Empathy doesn’t travel well in a game of Telephone, and people doing the work need to be able to feel the customer’s pain.

On the other hand, magic happens when designers and engineers feel the pain and are given the autonomy to solve it how they see fit. When the outcome is on their shoulders instead of on a “manager,” they are capable of doing their best work.

Splitting the Product Manager role

splitting the product manager role

To be clear, the work of a product manager is critical. But our goal is to distribute that work rather than hire for a dedicated role.

For product management to be everyone’s job, designers and engineers have to take on more responsibility. We’ve found it’s pretty easy to split up the work.

Designers are responsible for being the voice of the customer from initial concept through to final deployment. Only a fraction of their work is pushing pixels around.

A designer does customer research, written specs, wireframes, working prototypes and testing alongside engineers. They also run any beta period themselves so that they can hear customer feedback firsthand. Lastly, the designer has the final say on launch. Not every designer on our team does this sort of work, but we have a couple people who are great at it.

Engineers have more ownership without a product manager as well. They write their own technical documentation, coordinate the work and timelines with any other engineers on the project and are responsible for communicating about their progress.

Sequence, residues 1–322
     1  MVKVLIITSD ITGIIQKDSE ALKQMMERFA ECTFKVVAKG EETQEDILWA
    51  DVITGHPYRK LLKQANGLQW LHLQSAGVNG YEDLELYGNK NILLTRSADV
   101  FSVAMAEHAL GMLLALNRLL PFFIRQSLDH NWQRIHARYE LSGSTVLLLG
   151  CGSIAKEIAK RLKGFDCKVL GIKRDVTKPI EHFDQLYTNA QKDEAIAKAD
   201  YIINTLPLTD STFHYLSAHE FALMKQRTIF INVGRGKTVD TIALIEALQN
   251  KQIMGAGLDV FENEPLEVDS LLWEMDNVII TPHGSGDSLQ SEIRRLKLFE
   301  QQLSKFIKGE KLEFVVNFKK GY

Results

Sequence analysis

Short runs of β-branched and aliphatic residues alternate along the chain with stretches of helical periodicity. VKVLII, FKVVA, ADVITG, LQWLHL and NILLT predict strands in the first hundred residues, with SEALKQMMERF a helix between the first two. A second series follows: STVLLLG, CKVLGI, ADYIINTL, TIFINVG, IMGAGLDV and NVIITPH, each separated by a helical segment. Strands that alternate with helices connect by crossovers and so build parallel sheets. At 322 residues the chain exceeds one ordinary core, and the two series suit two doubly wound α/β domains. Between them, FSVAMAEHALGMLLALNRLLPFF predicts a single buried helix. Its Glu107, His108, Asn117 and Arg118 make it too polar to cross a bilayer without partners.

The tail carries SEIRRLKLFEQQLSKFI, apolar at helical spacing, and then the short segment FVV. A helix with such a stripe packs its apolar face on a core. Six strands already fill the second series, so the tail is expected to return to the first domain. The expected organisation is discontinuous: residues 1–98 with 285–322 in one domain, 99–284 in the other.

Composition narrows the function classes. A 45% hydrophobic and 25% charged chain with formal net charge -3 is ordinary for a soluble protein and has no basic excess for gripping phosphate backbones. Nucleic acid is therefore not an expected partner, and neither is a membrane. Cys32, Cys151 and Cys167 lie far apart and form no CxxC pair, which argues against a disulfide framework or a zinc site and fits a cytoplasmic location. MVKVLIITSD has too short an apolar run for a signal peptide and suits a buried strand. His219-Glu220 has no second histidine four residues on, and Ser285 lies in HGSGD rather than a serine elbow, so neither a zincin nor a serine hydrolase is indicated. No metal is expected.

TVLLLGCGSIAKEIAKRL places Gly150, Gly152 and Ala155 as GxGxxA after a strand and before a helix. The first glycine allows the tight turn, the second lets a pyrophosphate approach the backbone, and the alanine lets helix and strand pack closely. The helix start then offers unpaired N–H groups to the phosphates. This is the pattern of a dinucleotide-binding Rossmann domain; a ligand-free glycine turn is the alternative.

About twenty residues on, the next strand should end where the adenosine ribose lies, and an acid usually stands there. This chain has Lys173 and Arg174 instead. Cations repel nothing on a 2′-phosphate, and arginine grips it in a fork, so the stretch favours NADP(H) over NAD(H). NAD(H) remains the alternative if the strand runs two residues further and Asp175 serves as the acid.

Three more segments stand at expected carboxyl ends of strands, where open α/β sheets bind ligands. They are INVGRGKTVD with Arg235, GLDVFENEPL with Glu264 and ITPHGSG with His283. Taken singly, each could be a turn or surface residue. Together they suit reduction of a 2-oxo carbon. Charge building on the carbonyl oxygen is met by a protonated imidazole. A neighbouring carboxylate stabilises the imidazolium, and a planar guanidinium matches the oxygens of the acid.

While many product teams seem to revolve around engineers and giving them the most autonomy, I’ve seen this have a negative impact on the customer experience.

At Help Scout designers have the final say because they are in closest proximity to customer pain and the people working to solve it.

As a company grows, product development gets slower, takes more people and requires more effort. We often misunderstand those challenges and insert Product Managers to make the process more efficient.

I’d argue that this role exacerbates the problem instead of solving it. At scale, things move slower: that’s a fundamental reality. The key to maintaining the highest possible velocity is giving the designers and engineers ownership over the work.

Update on May 9, 2016

I've had some great discussions with folks in the product management community over the last week. Since we don't currently allow comments on the blog, I wanted to share a few clarifications:

  1. It's not my intent to claim this is the only way to do things, only that this is what currently works for us. There are many great cases for product managers and some of the smartest folks I know are in the field. I'd encourage you to read links like this one, this one and this one.

  2. You could make the case that I'm describing more of a "project manager" instead of a product manager. The role of a product manager seems to vary a great deal across organizations. My description is narrow and can be more closely aligned with a project manager depending on the organization. Most dedicated PMs do a lot more than what I've described here and some of my comments unfairly downplay their contributions.

  3. The reason we've been able to get by without this dedicated role has a lot to do with our leadership already being focused on product management. This is arguably the strongest common thread between the founders and other product leaders in our company. I acknowledge that in other companies this is likely not the case; therefore a dedicated role makes a lot more sense.

Nick Francis

About the author: Nick Francis is a co-founder at Help Scout.